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The Ladin carnival

The Ladin carnival traditionally begins on 17th January, the feast day of Saint Antonio Abate, when the celebrations begin’, even though in Penia, where the tradition is most alive, the first mascherèda (fancy dress party) is held on 20th January, the feast day of patron Saint Sebastiano. The tradition has been kept alive in particular in Penia and Alba di Canazei where a folk group dedicated specifically to the carnival is still quite active. This period, where costumes and colours reign, lasts until midnight on Shrove Tuesday when it ends with the rite of ‘brujèr carnascèr’ or ‘burning the carnival’.

Carnival is among the most evocative historic and anthropological events in Ladin folk tradition, born in ancient times to celebrate the end of winter and announce the arrival of the warmer season. A peculiar characteristic of the celebration is the presence of wooden masks, artisanal products made from Swiss pine painted with oil paints by master mask makers.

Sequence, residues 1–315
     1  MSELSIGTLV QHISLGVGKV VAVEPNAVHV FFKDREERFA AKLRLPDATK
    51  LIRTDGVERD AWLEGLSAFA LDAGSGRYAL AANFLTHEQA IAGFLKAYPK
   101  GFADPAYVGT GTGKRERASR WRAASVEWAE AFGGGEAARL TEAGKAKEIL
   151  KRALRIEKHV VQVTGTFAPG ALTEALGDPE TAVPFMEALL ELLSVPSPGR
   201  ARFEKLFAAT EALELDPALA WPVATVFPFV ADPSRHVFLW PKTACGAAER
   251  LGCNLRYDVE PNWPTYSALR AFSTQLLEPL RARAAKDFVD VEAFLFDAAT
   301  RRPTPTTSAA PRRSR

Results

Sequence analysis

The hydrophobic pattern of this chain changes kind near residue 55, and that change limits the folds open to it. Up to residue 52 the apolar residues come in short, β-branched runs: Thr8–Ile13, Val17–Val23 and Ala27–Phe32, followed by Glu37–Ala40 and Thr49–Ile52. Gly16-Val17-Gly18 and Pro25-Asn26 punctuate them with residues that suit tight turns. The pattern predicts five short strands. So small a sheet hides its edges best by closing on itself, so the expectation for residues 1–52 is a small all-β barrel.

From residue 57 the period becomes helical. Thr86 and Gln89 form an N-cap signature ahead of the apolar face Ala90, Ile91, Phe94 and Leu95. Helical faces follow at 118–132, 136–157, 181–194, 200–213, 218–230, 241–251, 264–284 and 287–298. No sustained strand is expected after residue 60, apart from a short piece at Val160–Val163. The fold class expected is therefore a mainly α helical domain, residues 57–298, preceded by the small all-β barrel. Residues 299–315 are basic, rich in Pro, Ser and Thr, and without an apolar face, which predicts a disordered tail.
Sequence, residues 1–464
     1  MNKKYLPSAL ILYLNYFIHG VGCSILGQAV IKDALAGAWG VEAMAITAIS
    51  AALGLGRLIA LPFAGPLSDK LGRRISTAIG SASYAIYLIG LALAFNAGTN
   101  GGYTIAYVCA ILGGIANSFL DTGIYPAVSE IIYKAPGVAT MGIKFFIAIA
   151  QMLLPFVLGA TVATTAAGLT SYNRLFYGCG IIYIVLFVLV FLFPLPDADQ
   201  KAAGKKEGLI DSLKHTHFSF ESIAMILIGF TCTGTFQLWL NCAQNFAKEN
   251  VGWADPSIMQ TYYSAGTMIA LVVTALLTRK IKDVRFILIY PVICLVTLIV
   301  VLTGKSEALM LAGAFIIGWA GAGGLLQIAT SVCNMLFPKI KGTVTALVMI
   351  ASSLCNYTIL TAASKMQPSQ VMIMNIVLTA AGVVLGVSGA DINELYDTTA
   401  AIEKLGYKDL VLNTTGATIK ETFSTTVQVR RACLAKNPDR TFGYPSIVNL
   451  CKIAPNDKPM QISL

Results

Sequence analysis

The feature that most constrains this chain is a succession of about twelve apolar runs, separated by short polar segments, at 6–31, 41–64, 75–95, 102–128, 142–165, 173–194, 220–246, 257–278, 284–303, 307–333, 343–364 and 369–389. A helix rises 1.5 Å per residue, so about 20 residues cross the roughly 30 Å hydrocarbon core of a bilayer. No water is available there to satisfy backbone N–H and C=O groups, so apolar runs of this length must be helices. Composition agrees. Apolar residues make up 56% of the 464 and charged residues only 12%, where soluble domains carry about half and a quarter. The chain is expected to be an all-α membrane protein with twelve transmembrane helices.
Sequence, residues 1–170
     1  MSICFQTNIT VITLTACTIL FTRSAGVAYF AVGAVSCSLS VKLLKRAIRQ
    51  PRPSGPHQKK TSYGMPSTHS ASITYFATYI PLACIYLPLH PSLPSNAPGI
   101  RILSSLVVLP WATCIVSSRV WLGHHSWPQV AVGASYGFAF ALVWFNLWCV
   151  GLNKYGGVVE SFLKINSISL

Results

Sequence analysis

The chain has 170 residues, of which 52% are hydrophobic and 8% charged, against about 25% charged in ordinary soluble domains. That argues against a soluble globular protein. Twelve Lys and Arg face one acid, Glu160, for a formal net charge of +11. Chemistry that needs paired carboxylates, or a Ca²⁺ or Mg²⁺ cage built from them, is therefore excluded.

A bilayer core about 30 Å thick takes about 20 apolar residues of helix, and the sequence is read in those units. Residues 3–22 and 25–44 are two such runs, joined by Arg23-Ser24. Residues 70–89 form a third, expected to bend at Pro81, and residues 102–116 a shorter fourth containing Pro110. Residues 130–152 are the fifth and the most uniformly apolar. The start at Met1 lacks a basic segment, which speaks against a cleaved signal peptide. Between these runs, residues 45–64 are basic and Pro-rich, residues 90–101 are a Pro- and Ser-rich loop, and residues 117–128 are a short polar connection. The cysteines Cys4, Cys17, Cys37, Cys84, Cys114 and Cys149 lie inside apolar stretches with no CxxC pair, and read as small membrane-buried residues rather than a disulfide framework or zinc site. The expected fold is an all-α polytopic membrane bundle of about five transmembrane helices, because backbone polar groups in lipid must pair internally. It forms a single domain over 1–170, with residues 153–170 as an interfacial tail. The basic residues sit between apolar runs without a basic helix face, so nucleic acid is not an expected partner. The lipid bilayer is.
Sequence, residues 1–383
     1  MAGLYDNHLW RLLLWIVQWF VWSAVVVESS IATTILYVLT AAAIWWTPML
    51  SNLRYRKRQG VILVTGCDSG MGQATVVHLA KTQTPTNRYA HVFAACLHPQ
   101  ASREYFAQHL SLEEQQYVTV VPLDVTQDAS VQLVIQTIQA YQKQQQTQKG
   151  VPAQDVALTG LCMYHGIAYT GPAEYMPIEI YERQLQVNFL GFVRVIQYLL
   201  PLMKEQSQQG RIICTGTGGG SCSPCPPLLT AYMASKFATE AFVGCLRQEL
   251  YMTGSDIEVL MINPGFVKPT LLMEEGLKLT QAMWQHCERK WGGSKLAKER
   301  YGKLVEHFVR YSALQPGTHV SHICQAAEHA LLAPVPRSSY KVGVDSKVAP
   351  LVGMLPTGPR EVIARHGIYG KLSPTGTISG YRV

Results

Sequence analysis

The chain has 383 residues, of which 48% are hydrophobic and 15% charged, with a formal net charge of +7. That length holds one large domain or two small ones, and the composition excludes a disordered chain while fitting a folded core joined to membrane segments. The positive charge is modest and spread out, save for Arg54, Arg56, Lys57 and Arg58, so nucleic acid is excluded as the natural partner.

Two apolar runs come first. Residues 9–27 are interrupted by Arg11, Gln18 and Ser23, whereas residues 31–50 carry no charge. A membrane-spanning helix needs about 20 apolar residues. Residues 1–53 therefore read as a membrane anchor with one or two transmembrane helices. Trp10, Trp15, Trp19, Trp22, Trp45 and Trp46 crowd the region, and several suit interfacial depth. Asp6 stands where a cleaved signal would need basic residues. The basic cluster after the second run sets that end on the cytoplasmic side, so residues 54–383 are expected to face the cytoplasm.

Originally women were not permitted to participate in the carnival in costume, but were essential during the dressing stage. They sewed the costumes for the men and during the dance had to choose their favourite mask. In addition to the interesting and amusing masked parades and floats, during this week and throughout the whole valley, visitors can attend theatre shows such as the typical mascherèdes performed in the Ladin language, masked balls, snow competitions and celebrations in the piazzas where music plays an important role.

The celebrations in Canazei are held each year thanks to the Grop de la Mèscres de Dèlba e Penìa and the Grop de la Mèscres de Cianacei e Gries who handle organisation and promotion of carnival.

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